Bill Introduced (Again) To Establish Maryland No-Fault Birth Injury Fund

162017_132140396847214_292624_nHB 1347 was introduced in the Maryland General Assembly during the current 2017 Session, which is entitled “Maryland No-Fault Birth Injury Fund,” that would establish a system for adjudication and compensation of claims arising from birth-related neurological injuries, which would cost Maryland taxpayers $3.1 million in Fiscal Year 2019 for staffing associated with establishment of the fund, per diem expenses for board members, required actuarial and audit reports, pamphlets to alert patients and obstetricians about the fund, initial payments to claimants, and staffing and administration costs for the Maryland Patient Safety Center (MPSC). The expenditures for the fund would increase to $7,802,700 in Fiscal Year 2022.

The proposed new law would apply to births occurring on or after January 1, 2019. The rights and remedies under the bill exclude and supplant all other rights and remedies of the infant, personal representative of the infant, and parents, dependents, or next of kin of the infant arising out of or related to the injury to the infant, including claims of emotional distress related to a birth-related neurological injury to an infant.

The bill defines “birth-related neurological injury” as an injury to the brain or spinal cord of a live infant born in a Maryland hospital that (1) is caused by oxygen deprivation or other injury that occurred or could have occurred during labor, during delivery, or in the resuscitative period after delivery and (2) renders the infant permanently neurologically and physically impaired. A “birth-related neurological injury” does not include a disability or death caused by a genetic or congenital abnormality.

How The Fund Would Work

A claimant must file a claim to receive compensation and other benefits from the fund. Within 45 days after filing a claim, the claimant has to provide additional specified information relating to the claim. The fund must then provide copies of claim materials to all health care practitioners known to have been present at the birth and the hospital at which the birth occurred within 10 days after receipt of a complete claim.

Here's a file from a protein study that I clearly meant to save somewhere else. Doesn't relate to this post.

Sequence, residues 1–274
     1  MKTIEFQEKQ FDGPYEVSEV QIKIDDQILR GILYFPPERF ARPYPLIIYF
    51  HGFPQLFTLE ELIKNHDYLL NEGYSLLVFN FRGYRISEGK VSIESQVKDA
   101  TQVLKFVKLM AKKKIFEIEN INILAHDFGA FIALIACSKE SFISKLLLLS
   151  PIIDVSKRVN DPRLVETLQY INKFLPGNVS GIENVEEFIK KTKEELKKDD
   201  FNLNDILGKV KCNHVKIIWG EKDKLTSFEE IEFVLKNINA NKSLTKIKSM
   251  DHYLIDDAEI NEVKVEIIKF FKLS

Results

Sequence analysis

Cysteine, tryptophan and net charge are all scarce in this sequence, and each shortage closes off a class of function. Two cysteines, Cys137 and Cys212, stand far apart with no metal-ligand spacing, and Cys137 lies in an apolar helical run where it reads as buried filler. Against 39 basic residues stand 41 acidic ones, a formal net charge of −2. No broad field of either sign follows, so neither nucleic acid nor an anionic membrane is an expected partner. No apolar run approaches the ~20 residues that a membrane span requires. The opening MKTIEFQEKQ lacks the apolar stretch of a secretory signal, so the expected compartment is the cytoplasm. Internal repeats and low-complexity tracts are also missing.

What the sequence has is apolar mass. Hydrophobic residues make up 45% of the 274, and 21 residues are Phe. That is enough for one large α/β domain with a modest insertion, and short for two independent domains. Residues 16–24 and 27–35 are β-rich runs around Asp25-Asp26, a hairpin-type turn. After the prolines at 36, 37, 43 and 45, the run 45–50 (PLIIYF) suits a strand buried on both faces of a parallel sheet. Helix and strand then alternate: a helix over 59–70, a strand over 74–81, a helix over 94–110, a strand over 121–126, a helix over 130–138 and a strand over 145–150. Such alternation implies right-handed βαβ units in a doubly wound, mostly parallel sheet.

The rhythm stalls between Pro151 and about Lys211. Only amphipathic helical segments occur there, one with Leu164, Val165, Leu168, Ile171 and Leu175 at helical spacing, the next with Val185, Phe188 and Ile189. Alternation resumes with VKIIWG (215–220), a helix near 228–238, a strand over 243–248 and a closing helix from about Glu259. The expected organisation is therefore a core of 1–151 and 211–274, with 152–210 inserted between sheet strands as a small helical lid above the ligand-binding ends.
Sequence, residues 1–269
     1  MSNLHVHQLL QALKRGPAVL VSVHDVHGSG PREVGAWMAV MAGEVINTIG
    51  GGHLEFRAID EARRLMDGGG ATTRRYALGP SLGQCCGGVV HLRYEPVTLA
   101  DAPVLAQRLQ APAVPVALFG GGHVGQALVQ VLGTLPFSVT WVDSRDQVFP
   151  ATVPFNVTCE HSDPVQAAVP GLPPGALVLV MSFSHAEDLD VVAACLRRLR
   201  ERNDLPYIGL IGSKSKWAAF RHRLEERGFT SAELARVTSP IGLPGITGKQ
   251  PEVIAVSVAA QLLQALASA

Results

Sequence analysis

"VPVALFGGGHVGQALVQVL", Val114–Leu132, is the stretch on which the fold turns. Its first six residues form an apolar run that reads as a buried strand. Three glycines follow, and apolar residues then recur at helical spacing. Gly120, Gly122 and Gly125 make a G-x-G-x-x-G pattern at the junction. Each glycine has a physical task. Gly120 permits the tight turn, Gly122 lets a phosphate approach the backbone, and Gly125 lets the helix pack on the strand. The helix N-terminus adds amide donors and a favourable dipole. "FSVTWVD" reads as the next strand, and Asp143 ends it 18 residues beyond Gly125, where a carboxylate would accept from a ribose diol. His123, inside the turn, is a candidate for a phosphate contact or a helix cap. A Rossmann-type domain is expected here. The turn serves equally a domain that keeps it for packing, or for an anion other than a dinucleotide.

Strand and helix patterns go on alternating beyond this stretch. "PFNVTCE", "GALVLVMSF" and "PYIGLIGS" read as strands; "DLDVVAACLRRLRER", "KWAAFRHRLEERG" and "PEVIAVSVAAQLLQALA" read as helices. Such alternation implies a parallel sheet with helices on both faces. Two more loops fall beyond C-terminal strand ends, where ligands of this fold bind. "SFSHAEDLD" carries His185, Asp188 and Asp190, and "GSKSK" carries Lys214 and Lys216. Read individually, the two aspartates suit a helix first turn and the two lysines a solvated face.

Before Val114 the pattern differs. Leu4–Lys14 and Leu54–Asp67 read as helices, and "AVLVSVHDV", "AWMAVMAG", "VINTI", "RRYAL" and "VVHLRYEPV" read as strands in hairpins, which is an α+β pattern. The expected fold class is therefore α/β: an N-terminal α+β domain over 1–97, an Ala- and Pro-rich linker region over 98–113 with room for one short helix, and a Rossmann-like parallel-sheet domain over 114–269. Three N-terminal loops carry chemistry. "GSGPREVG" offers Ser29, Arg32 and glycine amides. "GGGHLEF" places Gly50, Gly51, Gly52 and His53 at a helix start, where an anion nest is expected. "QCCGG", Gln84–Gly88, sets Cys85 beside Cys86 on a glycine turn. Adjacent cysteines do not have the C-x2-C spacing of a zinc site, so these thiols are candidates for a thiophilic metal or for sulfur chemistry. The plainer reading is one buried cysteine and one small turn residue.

The fund has to investigate a claim upon receipt and serve the claimant with its response within 90 days. That response must indicate whether the fund determines that the injury alleged is a birth-related neurological injury. The fund has another 10 days within which it must submit the claim, all materials submitted by the claimant, and its response to the Office of Administrative Hearings (OAH) for adjudication and to the Office of Health Care Quality (OHCQ), the State Board of Physicians (MBP), and the State Board of Nursing (BON) for their review. OHCQ, MBP, and BON may investigate a submitted claim and take appropriate action with respect to the health care facility, physician, or nurse who provided care, respectively.

Each determination of eligibility and for compensation and benefits must be delegated to OAH for adjudication and decision by an administrative law judge (ALJ). OAH must set the date for a hearing on a contested case no sooner than 60 days and no later than 120 days after the written notice of the fund’s submission of a claim. If OAH determines an infant has sustained a birth-related neurological injury, the claimant may be awarded one or more benefits and compensation to be paid or provided from the fund. An OAH decision constitutes a final decision for the purposes of judicial review, and a party may seek judicial review of a final decision under the Administrative Procedure Act. A petition for judicial review stays enforcement of the final decision.

Limitations On Economic And Non-Economic Damages